Till: “There’s one collective scene in the video, where most of the band members are on leashes, like dogs, and we’re all taken out for a walk on a big avenue here in Berlin. We’re almost naked, in broad daylight, during rush hour!”

Can you explain a bit about the personas you adopt in the video? Flake?

Flake: “Well, I can only say what I did myself, because I just wasn’t aware of the other concepts. For my part, I did my best to keep an open mind about everything, I did my own thing, and moved in my own way…”

Till: “The compromise we reached with Zoran was that each band member could bring their own ‘toys’ to the shoot, and they were free to play with those ‘toys’, to explore their own ideas, and that worked out well, but I don’t know what the other guys got up to… everybody did it their way…”

Flake: “The interesting thing is that video was all done in one take from beginning to end - there were no cuts & no breaks, so the clip runs through from start to finish with no interruption to the action…”

Till: “It was the recording of the video that was done all in one take, and then later it was edited together into what you see now…”

Is it true that one of the other treatments considered for the ‘Mein Teil’ video had the band playing the part of cannibals?!

Till: “This treatment would have been pretty funny! There would have been a plane crash, leaving the band members stranded on an island, and then the whole cannibal scenario would have kicked in. However, the idea turned out to be quite problematic because of the cost involved, so we had to go for a different option, and the video we have now is what we came up with…”

Flake: “It would have been very funny, though - Till would have been the chief cannibal, so to speak, and I would have been sitting in the big pot as ‘dinner’, while the other band members danced around! That was the plan…”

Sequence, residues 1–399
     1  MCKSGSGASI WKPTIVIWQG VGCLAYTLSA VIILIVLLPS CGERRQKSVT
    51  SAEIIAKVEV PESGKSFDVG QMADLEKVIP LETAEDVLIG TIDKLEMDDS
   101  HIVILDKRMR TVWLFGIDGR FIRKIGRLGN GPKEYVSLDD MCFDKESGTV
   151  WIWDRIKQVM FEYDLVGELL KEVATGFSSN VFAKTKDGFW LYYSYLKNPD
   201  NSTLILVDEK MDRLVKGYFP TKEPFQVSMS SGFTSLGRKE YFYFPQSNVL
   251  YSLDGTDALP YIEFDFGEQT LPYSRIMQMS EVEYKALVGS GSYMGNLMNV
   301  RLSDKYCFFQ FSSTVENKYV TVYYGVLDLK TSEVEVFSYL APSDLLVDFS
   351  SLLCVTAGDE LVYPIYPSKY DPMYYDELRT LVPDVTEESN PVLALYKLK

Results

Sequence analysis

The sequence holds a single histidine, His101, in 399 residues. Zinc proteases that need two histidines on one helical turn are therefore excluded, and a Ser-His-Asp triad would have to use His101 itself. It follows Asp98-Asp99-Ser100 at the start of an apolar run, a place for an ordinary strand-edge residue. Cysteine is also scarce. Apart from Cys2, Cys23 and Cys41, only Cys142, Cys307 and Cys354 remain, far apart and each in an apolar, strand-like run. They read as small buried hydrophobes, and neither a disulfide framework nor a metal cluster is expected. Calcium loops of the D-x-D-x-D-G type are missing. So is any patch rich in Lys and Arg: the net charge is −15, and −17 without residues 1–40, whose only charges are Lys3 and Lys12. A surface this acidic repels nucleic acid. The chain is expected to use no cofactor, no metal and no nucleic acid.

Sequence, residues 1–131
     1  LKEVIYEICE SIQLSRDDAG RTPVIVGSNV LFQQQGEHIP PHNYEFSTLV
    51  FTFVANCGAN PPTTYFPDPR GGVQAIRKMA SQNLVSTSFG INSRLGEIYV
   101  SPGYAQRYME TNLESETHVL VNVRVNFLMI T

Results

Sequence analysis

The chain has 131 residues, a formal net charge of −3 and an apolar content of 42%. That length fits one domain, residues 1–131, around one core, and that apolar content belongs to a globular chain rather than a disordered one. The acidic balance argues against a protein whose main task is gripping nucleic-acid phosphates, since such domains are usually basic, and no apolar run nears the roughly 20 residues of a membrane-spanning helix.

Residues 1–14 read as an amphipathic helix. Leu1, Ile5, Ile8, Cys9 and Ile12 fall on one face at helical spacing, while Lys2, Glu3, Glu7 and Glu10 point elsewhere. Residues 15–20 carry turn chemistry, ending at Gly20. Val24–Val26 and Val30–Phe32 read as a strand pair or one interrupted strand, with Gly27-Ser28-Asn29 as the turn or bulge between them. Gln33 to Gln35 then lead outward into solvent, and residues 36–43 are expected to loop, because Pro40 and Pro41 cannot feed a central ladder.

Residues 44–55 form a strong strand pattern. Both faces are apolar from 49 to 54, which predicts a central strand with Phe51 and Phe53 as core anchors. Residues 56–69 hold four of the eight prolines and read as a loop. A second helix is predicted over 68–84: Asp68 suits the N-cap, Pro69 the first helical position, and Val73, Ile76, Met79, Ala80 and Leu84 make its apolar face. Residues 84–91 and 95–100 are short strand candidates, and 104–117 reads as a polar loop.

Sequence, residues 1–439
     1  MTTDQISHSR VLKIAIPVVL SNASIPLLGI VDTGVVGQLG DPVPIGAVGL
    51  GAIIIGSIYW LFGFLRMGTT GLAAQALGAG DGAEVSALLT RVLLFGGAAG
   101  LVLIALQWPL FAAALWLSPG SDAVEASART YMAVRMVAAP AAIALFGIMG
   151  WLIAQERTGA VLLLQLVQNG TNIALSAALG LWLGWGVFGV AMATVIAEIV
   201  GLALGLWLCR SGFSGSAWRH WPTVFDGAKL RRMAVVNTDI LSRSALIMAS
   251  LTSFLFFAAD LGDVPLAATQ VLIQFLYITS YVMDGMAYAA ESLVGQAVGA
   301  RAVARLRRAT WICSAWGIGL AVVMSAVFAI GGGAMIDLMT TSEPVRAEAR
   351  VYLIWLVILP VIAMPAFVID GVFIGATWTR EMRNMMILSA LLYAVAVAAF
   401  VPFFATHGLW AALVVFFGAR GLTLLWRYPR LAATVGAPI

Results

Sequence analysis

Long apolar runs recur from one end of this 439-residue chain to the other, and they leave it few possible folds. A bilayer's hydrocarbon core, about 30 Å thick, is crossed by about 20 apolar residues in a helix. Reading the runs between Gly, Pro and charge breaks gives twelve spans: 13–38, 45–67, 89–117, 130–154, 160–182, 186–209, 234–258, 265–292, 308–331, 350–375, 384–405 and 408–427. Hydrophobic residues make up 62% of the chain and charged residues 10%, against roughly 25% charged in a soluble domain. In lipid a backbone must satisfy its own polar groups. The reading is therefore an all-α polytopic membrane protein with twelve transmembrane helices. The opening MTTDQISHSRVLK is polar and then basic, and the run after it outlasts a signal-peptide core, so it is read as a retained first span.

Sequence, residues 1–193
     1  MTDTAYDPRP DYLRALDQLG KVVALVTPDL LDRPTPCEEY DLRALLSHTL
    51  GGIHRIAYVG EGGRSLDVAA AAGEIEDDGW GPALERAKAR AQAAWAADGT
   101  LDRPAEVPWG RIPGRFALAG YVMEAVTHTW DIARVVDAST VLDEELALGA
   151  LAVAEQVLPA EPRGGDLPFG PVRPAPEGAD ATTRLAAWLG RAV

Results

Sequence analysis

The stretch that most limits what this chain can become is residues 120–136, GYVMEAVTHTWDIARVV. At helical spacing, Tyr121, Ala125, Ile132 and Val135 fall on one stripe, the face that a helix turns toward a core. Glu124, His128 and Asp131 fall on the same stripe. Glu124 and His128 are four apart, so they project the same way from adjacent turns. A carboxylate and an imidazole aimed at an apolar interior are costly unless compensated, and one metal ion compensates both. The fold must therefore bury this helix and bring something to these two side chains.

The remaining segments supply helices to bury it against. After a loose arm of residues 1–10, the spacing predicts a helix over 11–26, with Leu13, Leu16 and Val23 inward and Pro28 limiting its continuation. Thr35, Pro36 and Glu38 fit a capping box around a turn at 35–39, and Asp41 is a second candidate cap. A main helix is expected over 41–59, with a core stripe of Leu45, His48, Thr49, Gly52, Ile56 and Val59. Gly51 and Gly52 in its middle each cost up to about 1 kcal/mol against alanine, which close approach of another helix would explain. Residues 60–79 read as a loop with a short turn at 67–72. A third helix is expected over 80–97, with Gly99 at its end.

Was it hard to find a suitable treatment for ‘Mein Teil’ because the subject matter, although true, is just so gruesome & potentially controversial?

Flake: “The story in the song is so clear and it’s put forward in such a straightforward way that we didn’t feel it necessary to tell it again in the video, so we were at liberty to do something different…”

The general reaction to ‘Mein Teil’ as a song has been very positive, and yet it’s probably the heaviest, nastiest track on the new album. Were you surprised when it was chosen as the lead single?

Till: “Coming back after three years, releasing our first song as a single, we could have opted for a ballad, but we didn’t want to do that; we wanted our first new track to be musically tough, so we could arrive back on the scene with a bang!”

Let’s talk briefly about a couple of other new tracks – ‘Amerika’, for example; it’s a very catchy song with a lyric that will definitely raise some smiles, but is there a serious point being made here as well?

Flake: “We conceived ‘Amerika’ as a kind of Trojan horse, and we suspect that it’s going to get a different reaction in the States to the rest of the world…”

‘Amerika’ is the only track on the album containing English words & phrases; did you record a version with all of the lyrics in English? Till?

Till: “When we were writing the song there was a chorus in there that was in English; we didn’t set out to write the whole thing in English, but we liked it when we heard it, so basically we just kept going…”